The style of parenting I promote has many names – gentle parenting, peaceful parenting, and positive parenting.
Semantics aside, what these styles have in common is responsiveness – to ourselves as well as our children.
Responsive parenting reflects not only our own practices, but also the type of relationship we wish to have with our kids. It means that we respond to our kids thoughtfully, rather than react impulsively.
Consider the typical tantrum. It might start with our kids’ wishes being denied – perhaps it’s something blatantly unsafe like wanting to play with a lighter, or perhaps something that’s inappropriate at that time, like wanting to go to the park at 3am. Perhaps it’s simply something that we don’t want them to have, like our phone.
We say no. And they lash out.
Tantrums and meltdowns are best met with kindness, empathy, and understanding.
But critics of responsive parenting tend to favour more authoritarian approaches, with tactics like “time-out”, spanking, or punitive punishment (e.g. the classic “because you did that, no dessert tonight”).
The critics of responsive parenting view empathy and kindness as “giving in” to the child.
This is false.
In fact, “giving in” to our kids would be allowing them the very thing that they were denied in the first place.
Like allowing them to have the lighter, or the phone, or to go to the park at 3am.
Showing kindness isn’t “giving in”.
Responsive parenting is being willing to support our kids while they experience the uncomfortable emotion of disappointment (or frustration, or rage, or sadness, etc).
It’s a bit like giving them crutches if they’ve twisted their ankle.
When kids are disappointed, they experience it in a very obvious way. As adults, we’ve learned to fake a smile, swallow our feelings, and just “suck it up”.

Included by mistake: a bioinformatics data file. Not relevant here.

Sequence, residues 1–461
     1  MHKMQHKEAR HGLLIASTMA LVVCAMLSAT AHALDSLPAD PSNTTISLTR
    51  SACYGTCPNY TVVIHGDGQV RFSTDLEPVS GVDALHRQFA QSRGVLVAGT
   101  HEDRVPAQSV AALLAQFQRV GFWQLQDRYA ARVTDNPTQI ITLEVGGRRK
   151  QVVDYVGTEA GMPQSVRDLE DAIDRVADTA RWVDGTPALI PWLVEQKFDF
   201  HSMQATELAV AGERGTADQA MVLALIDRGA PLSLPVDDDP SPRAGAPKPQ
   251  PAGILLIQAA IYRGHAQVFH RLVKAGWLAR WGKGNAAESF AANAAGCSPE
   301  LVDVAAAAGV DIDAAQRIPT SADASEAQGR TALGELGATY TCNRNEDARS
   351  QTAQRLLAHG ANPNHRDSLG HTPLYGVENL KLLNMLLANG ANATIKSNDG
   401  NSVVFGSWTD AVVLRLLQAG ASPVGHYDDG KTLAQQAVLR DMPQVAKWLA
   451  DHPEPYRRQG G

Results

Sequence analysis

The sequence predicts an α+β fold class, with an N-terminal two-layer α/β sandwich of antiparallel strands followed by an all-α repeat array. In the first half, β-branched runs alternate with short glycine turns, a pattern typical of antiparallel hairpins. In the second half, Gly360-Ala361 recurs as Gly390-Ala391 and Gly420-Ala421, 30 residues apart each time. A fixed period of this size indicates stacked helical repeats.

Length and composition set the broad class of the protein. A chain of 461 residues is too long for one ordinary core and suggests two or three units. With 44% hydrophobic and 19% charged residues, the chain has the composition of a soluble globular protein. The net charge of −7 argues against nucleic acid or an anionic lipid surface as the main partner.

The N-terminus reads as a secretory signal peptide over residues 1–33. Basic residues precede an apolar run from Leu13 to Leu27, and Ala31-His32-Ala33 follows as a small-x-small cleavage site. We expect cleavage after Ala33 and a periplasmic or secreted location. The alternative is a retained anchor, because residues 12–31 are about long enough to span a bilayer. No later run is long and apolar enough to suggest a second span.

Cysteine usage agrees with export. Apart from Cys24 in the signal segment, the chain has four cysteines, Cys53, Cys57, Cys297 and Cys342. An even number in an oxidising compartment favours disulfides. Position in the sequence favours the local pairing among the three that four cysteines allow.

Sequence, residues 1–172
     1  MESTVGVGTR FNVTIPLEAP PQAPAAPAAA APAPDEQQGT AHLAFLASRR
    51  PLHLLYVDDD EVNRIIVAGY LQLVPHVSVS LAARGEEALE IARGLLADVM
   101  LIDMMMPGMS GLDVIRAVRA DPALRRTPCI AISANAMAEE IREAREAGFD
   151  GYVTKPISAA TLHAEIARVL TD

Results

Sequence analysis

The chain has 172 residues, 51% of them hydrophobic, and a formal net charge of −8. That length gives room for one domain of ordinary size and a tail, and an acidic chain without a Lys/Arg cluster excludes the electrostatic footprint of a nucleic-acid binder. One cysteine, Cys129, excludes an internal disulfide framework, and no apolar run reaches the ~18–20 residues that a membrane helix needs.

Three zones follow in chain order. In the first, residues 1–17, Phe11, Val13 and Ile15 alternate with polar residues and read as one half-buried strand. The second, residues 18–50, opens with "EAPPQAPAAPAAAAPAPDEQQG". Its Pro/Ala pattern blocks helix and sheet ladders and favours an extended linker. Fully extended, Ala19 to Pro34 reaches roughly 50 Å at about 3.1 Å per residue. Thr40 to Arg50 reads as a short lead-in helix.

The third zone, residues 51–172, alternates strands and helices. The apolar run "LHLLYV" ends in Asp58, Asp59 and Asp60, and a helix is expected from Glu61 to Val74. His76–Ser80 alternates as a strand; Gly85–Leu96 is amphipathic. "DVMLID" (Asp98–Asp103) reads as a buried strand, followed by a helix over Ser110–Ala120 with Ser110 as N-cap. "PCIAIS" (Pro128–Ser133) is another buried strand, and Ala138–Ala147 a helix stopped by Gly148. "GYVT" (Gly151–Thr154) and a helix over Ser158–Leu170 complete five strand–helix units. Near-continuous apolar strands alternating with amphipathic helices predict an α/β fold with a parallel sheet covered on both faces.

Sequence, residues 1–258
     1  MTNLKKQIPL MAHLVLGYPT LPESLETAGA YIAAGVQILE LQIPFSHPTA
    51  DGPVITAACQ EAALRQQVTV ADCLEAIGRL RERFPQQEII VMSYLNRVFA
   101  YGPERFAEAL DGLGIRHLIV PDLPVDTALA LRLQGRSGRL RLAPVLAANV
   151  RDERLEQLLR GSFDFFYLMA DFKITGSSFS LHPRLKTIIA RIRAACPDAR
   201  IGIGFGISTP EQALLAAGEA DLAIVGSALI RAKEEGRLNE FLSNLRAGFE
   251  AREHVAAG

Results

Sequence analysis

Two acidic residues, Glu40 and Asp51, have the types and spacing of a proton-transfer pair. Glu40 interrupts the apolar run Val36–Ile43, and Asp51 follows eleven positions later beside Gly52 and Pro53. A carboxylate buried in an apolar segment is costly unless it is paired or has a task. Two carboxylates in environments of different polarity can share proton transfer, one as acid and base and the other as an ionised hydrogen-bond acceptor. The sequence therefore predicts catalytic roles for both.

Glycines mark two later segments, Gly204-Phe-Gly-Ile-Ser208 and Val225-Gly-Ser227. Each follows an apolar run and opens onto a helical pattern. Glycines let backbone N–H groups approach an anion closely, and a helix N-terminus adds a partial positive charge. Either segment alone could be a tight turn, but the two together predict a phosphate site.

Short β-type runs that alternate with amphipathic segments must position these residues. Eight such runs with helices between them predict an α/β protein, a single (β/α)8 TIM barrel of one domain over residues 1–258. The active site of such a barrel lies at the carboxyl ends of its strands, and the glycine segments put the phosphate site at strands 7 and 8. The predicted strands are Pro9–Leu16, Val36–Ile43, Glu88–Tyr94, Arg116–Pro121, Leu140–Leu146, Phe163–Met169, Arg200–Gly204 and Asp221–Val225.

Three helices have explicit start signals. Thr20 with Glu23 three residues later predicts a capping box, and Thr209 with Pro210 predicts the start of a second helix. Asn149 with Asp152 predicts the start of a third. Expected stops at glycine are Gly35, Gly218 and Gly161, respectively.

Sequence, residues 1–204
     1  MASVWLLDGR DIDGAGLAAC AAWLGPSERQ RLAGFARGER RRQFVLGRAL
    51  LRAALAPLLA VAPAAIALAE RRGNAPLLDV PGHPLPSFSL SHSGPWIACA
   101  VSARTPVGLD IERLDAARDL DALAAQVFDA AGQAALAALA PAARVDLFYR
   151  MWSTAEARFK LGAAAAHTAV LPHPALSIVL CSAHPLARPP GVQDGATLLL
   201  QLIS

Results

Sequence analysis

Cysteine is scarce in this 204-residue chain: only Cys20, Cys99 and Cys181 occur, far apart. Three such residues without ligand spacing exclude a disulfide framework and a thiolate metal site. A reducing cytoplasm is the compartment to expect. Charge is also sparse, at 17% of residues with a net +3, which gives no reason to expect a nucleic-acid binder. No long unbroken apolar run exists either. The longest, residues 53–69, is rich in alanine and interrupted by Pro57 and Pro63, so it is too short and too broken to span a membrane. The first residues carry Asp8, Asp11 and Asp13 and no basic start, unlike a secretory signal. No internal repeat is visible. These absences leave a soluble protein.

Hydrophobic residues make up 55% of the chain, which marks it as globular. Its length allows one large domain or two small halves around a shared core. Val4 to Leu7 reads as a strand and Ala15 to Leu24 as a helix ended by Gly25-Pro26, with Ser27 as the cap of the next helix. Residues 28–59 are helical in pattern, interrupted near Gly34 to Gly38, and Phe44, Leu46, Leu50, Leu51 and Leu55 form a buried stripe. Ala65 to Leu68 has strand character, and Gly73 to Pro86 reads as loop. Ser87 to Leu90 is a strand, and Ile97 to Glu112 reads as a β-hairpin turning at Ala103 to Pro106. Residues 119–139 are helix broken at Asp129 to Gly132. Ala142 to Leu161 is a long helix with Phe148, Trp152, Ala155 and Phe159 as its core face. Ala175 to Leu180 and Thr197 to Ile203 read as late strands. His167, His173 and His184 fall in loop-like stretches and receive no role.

But kids aren’t always able to do that.
When they experience intensely uncomfortable emotions, they feel lost and alone. They feel like someone has pulled the rug out from under them. They feel afraid. They feel disconnected.
And what they need most of all is kindness and empathy from a trustworthy caregiver.
Just as crutches provide support with a twisted ankle, responsive parenting provides kids with emotional support at the time when they are feeling overwhelmingly uncomfortable.
As parents, we know that it’s not our job to take away the disappointment, just as it’s not our job to take away the twisted ankle. So we hold firm with our boundaries and limits. No lighter. No phone. No park at 3am.
Our job is to help our kids navigate the minefield of complex emotions that arise from daily life – and develop healthy ways of coping with them – so that they become emotionally intelligent and resilient adults who can deal with uncomfortable feelings in a healthy way.
If we’re willing to give our kids crutches to help ease the physical discomfort of a twisted ankle, then surely we must give our kids the support they need, to ease the emotional discomfort of unpleasant feelings.
Showing kindness, empathy, and understanding towards our kids isn’t “rewarding” their inappropriate behaviour, nor is it “giving in” to their requests. It’s helping, supporting, and nurturing their development – and treating them as individuals who are worthy of our respect.
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